Jesus Herrada (Cofidis) couldn’t hold up his tears after giving everything he had to win stage 7 of La Vuelta 22. The Spanish baroudeur narrowly edged Samuele Battistella (Astana Qazaqstan) and Fred Wright (Bahrain Victorious) in Cistierna after a 190km stage covered at a brutal pace to hold off the bunch. He takes his 2nd stage win in the Spanish Grand Tour, 3 years after the previous one. Sprinters teams, and especially Mads Pedersen’s Trek-Segafredo, tried to control the day ahead of two gruelling stages in the Asturias. But the peloton eventually came up short as Sam Bennett (Bora-Hansgrohe) crossed the line with a gap of 29’’ to the stage winner. Remco Evenepoel (Quick-Step Alpha Vinyl) is only the 2nd Belgian rider to retain the overall leadership for more than a day in La Vuelta in the last 40 years, after Philippe Gilbert in 2010.
On the day after Jay Vine and Remco Eneveopel’s shows of strength, and ahead of two gruelling stages in the Asturias, La Vuelta 22 heads west with a 190km route from Camargo to Cistierna that could favour sprinters or attackers. 176 riders start after AG2R Citroen’s Andrea Vendrame and Jaakko Hanninen returned positive tests to Covid-19.
Trek-Segafredo and BikeExchange-Jayco control the gap
After a few skirmishes, six attackers quickly manage to open a gap: Samuele Battistella (Astana Qazaqstan), Fred Wright (Bahrain Victorious), Jesus Herrada (Cofidis), Omer Goldstein (Israel Premier Tech), Harry Sweeny (Lotto Soudal) and Jimmy Janssens (Alpecin-Deceuninck).
But the peloton, and especially Euskaltel-Euskadi, are not willing to let them go. The battle is ongoing until the gap eventually increases to 1’ just ahead of km 30. BikeExchange-Jayco and Trek-Segafredo move to the front of the bunch in order to control the gap.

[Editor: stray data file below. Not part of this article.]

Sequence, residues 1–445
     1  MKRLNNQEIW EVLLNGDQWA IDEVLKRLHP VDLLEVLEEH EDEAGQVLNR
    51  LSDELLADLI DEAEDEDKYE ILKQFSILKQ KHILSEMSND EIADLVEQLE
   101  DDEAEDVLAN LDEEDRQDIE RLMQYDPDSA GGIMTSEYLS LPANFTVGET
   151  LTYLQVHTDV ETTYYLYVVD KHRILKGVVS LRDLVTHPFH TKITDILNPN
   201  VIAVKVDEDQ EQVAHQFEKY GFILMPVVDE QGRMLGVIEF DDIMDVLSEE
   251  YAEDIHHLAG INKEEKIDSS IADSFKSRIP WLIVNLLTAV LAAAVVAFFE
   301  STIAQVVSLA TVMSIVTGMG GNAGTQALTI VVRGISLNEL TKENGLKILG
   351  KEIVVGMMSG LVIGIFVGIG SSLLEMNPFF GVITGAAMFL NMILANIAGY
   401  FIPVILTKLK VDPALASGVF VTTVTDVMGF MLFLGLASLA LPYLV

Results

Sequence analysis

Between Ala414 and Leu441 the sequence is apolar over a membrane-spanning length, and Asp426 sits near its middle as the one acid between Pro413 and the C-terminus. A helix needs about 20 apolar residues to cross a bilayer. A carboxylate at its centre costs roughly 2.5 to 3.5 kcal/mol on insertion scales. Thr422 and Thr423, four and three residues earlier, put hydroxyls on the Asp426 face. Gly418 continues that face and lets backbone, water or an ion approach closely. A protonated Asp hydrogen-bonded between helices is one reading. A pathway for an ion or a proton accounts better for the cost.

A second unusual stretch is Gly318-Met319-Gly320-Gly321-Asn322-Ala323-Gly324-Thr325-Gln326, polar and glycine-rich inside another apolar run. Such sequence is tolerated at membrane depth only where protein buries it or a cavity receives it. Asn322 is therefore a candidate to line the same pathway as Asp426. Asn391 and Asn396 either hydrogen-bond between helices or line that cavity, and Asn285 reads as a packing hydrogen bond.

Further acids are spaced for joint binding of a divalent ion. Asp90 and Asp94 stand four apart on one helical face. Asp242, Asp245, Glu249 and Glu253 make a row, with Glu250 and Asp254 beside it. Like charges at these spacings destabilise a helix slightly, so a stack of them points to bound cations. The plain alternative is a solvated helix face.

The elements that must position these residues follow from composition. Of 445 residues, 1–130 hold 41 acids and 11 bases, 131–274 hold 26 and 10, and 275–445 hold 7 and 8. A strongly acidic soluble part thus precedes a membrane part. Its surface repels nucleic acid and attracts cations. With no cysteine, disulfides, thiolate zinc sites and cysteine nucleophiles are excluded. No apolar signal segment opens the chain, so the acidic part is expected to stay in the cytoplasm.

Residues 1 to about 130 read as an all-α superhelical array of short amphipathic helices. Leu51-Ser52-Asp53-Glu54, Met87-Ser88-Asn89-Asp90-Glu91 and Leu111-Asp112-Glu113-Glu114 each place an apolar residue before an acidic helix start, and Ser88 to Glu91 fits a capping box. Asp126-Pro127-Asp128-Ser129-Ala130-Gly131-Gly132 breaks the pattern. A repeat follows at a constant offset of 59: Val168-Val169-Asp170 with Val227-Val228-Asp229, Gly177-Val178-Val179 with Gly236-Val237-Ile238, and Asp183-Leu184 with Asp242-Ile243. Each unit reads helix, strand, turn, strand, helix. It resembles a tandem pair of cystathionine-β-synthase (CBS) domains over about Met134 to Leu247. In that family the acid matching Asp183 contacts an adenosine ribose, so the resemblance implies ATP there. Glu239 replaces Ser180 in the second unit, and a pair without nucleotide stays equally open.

Sprinters struggle on the ascent
The attackers push their lead up to 4’20’’ after 60km of racing. The gap is down to 3’30’’ at the bottom of the main climb of the day, the 22.4km Puerto de San Glorio (summit at km 125.8).
Trek-Segafredo up the ante on the ascent with the likes of Kenny Elissonde and Juanpe Lopez setting the pace. Tim Merlier (Alpecin-Deceuninck) is dropped 16km away from the summit. Pascal Ackermann (UAE Team Emirates) suffers the same fate a few kilometres later and Sam Bennett (Bora-Hansgrohe) is also dropped inside the last 2km of ascent.
At the front, Omer Goldstein can’t keep up with his breakaway companions. The gap is down to 2’35’’ at the summit.
The attackers resist
With the help of two teammates, Sam Bennett returns to the bunch after a 15km chase. Arkea-Samsic and BikeExchange set the pace as the race enters the last 40km. The attackers hold on to a lead of 2’05’’ into the last 30km. And the gap doesn’t change much until Trek-Segafredo and Bora-Hansgrohe start pulling inside the last 25km.
Samuele Battistella, Fred Wright, Jesus Herrada, Harry Sweeny and Jimmy Janssens still have a lead of 58’’ under the 10km banner. And 50’’ with 5km to go.
They eventually get to battle it out for the stage win in Cistierna. Wright opens up the sprint but Herrada powers to his 2nd stage win in La Vuelta, three years after Ares del Maestrat. Half a minute later, Bennett is the fastest rider from the bunch.